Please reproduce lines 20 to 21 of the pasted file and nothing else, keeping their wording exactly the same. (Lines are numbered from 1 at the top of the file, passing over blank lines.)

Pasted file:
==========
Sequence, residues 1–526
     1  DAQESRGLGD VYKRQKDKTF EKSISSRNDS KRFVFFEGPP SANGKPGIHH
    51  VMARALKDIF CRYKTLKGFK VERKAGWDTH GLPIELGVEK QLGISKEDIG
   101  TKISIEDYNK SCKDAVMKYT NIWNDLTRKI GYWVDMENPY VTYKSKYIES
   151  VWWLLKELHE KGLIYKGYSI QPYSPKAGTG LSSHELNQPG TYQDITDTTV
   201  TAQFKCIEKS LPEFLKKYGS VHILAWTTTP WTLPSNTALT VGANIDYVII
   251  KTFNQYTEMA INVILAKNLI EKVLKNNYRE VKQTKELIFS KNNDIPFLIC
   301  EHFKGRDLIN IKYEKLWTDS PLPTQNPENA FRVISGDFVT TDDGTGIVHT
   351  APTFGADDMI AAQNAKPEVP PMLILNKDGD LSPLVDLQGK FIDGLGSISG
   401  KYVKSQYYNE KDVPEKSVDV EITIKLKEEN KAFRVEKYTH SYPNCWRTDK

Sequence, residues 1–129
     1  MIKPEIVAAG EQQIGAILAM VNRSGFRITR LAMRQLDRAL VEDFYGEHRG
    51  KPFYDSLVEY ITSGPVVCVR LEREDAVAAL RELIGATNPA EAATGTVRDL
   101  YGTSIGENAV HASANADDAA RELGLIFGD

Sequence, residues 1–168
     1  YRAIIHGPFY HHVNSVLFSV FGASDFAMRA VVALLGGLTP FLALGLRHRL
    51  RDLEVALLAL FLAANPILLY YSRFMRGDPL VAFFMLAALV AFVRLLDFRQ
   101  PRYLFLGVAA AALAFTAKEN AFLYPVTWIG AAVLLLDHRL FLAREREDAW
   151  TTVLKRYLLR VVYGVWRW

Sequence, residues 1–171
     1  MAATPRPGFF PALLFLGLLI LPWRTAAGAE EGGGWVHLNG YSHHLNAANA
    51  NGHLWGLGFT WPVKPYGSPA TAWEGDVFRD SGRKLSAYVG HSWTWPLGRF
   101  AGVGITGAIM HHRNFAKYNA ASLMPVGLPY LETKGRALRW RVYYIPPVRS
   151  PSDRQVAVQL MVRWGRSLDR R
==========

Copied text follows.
Sequence, residues 1–171
     1  MAATPRPGFF PALLFLGLLI LPWRTAAGAE EGGGWVHLNG YSHHLNAANA